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Verse 43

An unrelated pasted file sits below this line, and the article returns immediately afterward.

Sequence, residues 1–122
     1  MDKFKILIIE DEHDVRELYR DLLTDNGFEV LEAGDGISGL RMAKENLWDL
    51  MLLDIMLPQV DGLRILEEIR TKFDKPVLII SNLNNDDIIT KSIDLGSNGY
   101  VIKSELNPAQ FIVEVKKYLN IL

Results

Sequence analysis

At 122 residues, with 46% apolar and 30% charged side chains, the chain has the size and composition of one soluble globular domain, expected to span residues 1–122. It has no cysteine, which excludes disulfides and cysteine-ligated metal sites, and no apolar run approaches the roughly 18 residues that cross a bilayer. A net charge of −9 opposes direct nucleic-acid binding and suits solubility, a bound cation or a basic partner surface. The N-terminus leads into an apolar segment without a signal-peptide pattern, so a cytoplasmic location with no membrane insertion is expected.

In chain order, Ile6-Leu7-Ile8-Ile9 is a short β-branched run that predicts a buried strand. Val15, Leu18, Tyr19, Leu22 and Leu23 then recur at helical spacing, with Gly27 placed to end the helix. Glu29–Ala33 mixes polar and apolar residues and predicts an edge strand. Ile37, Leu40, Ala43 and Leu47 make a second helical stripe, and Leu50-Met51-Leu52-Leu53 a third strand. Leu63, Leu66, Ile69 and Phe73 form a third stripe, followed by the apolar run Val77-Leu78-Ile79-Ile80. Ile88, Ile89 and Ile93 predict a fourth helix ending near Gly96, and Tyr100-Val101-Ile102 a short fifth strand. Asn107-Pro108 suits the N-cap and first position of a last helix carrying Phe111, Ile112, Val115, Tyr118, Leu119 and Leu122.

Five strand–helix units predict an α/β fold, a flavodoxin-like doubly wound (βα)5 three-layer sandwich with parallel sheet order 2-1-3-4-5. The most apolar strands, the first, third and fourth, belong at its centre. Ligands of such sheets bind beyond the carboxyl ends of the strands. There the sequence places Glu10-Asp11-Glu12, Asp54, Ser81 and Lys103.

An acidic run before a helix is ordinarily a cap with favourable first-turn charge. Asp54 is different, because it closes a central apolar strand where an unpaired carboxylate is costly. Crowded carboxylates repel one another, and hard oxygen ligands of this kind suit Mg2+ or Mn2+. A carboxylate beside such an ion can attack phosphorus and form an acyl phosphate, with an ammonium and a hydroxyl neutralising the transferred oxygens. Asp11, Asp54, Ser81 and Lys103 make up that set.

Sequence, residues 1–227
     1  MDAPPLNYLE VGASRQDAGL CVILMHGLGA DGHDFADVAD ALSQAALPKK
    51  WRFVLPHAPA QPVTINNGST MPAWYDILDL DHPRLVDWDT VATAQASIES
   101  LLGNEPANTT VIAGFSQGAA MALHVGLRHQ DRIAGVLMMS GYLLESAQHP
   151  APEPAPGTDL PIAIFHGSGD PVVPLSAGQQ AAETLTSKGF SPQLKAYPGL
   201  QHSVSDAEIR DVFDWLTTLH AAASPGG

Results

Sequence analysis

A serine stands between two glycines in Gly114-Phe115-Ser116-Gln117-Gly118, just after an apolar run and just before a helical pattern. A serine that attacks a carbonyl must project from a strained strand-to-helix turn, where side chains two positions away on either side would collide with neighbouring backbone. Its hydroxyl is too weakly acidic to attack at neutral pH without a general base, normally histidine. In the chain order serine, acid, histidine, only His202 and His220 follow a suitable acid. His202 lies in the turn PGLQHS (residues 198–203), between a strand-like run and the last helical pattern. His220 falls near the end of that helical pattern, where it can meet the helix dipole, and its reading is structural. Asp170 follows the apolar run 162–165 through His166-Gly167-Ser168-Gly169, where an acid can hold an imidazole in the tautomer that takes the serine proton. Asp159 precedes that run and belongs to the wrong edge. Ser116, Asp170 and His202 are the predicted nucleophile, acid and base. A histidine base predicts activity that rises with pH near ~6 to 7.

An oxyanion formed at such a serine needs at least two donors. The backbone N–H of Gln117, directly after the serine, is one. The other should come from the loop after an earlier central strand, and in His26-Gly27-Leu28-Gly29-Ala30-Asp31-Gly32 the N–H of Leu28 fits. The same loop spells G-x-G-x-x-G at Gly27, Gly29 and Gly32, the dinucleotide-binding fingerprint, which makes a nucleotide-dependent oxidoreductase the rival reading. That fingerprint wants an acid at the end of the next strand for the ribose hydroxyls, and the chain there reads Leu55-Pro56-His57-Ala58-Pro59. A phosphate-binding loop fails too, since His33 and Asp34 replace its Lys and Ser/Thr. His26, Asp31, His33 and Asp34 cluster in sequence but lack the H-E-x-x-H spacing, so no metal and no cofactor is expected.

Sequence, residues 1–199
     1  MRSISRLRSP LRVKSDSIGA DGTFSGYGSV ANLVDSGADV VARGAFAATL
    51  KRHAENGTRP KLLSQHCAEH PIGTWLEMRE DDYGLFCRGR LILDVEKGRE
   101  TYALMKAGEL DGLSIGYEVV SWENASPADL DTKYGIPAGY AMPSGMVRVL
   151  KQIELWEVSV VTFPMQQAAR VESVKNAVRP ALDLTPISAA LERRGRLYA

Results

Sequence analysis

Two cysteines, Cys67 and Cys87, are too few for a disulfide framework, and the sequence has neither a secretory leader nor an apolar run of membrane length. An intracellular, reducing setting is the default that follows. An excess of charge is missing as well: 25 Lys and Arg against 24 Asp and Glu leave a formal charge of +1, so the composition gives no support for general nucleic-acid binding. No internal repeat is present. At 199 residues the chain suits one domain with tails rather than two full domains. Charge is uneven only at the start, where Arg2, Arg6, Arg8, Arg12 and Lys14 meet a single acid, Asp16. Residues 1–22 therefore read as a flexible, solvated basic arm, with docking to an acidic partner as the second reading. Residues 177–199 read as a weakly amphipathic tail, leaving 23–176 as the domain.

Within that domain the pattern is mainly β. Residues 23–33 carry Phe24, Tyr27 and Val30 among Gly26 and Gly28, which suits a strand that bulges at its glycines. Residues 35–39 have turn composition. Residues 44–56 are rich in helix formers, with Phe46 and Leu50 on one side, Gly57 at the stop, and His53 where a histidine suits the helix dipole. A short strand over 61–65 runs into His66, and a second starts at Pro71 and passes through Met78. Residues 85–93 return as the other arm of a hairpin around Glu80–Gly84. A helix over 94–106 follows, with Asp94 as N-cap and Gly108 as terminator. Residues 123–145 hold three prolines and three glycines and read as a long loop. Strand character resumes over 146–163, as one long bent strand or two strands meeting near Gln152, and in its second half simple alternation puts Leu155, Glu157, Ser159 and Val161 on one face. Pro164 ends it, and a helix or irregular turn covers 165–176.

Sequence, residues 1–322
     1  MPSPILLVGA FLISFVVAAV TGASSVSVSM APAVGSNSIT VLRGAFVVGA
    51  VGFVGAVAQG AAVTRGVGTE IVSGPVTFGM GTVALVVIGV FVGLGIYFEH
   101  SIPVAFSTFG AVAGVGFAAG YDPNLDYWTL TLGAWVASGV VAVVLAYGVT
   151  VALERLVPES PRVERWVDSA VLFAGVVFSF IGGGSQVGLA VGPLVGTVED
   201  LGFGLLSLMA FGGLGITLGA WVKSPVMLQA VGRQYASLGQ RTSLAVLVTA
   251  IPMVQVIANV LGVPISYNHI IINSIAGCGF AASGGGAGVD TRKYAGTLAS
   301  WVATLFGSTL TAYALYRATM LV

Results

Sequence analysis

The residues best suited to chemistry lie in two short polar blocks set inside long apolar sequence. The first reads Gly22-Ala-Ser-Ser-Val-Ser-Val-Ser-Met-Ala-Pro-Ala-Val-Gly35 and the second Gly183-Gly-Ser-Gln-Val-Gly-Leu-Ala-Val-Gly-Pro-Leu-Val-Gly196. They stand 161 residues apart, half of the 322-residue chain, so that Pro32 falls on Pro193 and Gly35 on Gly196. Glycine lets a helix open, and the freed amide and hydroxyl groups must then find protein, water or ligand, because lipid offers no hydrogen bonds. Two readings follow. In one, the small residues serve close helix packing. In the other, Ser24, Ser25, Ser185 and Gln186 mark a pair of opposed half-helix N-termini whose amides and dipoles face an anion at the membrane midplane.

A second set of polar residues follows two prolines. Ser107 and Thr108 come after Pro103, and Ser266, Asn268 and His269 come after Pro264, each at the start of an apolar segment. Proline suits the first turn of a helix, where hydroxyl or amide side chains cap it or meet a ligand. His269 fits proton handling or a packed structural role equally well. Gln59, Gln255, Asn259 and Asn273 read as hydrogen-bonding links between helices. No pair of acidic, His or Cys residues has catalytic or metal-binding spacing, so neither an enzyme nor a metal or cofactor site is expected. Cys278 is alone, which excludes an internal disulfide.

Matthew 5:43. Ye have heard that it hath been said In this, as is in the former instances, our Lord, intending to comprehend not only the law itself, but the explications of it given by the Jewish doctors, and said to be derived by tradition from the mouth of Moses, does not say, Ye know, but, Ye have heard, that it hath been said, Thou shalt love thy neighbour and hate thine enemy God enjoined the former part of this precept, Leviticus 19:18, and the scribes added the latter, abusing, it seems, the commands for destroying the Canaanites, to countenance such an addition, though this was in direct contradiction to many other scriptures. See Exodus 24:4-5; Leviticus 19:17; Proverbs 25:21. But I say unto you, Love your enemies To the narrow charity of the Jews, confined to their own brethren and men of their own religion, Christ here opposes his admirable precept, enjoining us, if we would be his genuine disciples, to love even our enemies; and that, by showing a sincere affection and good will to them who bear enmity or ill will to us; by manifesting our beneficence to them who, by their actions, show their hatred to us; by doing good to them for evil; by blessing them who with their mouths curse us; and by praying for God’s blessing upon them who revile and persecute us, as his followers. And this love he recommends, 1st, from the manifest absurdity of the Jewish doctrine, which made them no better, in this respect, than those sinners, publicans, and heathen, whom they allowed themselves to hate, &c.; 2d, that they, who boasted of it as their peculiar glory that they were the sons of God, might show that they really were so by their imitating His goodness who is kind to the unthankful and evil; 3d, because this would render his followers complete in the great duty of love and mercy to others, as he adds in the last clause. The following paraphrase on the different clauses of the passage may, perhaps, give the reader a clearer and fuller view of its meaning. Explaining what he intends, when he says, Love your enemies, he adds, Bless them that curse you Give them kind and friendly language who rail, act, or speak evil of you; say all the good you can to, and of them. Do good to them that hate you Repay love in thought, word, and deed, to those who really bear ill will to you, and show it both in their words and actions; and embrace every opportunity of promoting their welfare, both temporal and spiritual. And pray for those which despitefully use you, &c. Besides doing all in your own power to advance their happiness, endeavour, by your prayers, to engage God also to befriend and bless them. The expression επηρεαζοντων υμας , is by some rendered, who falsely accuse, or traduce you; but more properly by Dr. Doddridge, who insult over you. The word is plainly used by St. Peter, (1 Peter 3:16, the only other place in Scripture where it occurs,) to express abusive language. Both it and the other terms here used express the highest degree of enmity, for what can be worse than cursing, and calumny, and insults, and persecutions; yet we are commanded to love, and bless, and do good to those who express their enmity to us even by these things; and this doctrine Christ enforces from the noblest of all considerations, that it renders men like God; for he adds, that ye may be the children of your Father As if he had said, Being thus benevolent toward all the bad as well as the good, ye shall be like God, and so prove yourselves to be his genuine offspring; for he maketh his sun common to them who worship and them who contemn him; and lets his rain be useful both to the just and to the unjust; alluring the bad to repentance, and exciting the good to thankfulness, by this universal and indiscriminate benignity of his providence. For if ye love them which love you, &c., and salute your brethren only, &c. These are common things, practised by people of the worst character; which therefore do not distinguish you from others, nor prove you to be of a truly pious and virtuous disposition, but as being only indued with the essential principles of human nature, so that no peculiar reward can await you for doing them. The phrase τι περισσον ποιειτε , rendered in our translation, What do ye more than others? but which Dr. Campbell renders, Wherein do you excel? is thought by him to refer to what our Lord had declared, Matthew 5:20, concerning the necessity of our righteousness excelling, or abounding more than that of the scribes and Pharisees. Thus, he thinks, our Lord’s expostulation is rendered more energetical by the contrast; as if he had said, I told you your righteousness must excel that of the scribes and Pharisees, but if you do good to your friends only, it will not excel even that of the publicans and pagans. Perhaps, in the phrase, If ye salute your brethren only, our Lord might glance at those prejudices which different sects had against each other, and might intimate that he would not have his followers imbibe that narrow spirit. And “would to God,” says a pious divine, “that the hint had been more attended to, among the unhappy subdivisions into which his church has been crumbled; and that we might at least advance so far as cordially to embrace our brethren in Christ, of whatever party or denomination they are! Be ye therefore perfect, as your Father, &c. Imitate especially the divine goodness, as it is promiscuous, and extends to the evil as well as the good. This seems to be chiefly what is here intended; the love to friends, brethren, and countrymen implying only a very imperfect imitation of God; we are to labour after a more complete resemblance to him, in loving enemies. Our Lord, therefore, afterward expressed himself in a parallel discourse on the same subject in a rather different manner, saying, Be ye merciful, as your Father also is merciful, Luke 6:36. But, it is probable, he used a greater latitude of expression here, to remind us of our obligations to imitate the blessed God in all his moral perfections. The exhortation undoubtedly refers to all that holiness which is described in the foregoing verses, which our Lord, in the beginning of the chapter, recommends as happiness, and in the close of it as perfection. And it must be observed, that the words in the original, εσεσθε ουν υμεις τελειοι , express a promise, rather than a precept: Ye shall therefore be perfect, as your Father which is in heaven is perfect. And how wise and gracious is this, to sum up, and, as it were, to seal all his commandments with a promise! even the proper promise of the gospel, that he will put those laws in our minds and write them in our hearts! He well knew how ready our unbelief would be to suggest, This is impossible! And therefore stakes upon it all the power, truth, and faithfulness of Him to whom all things are possible.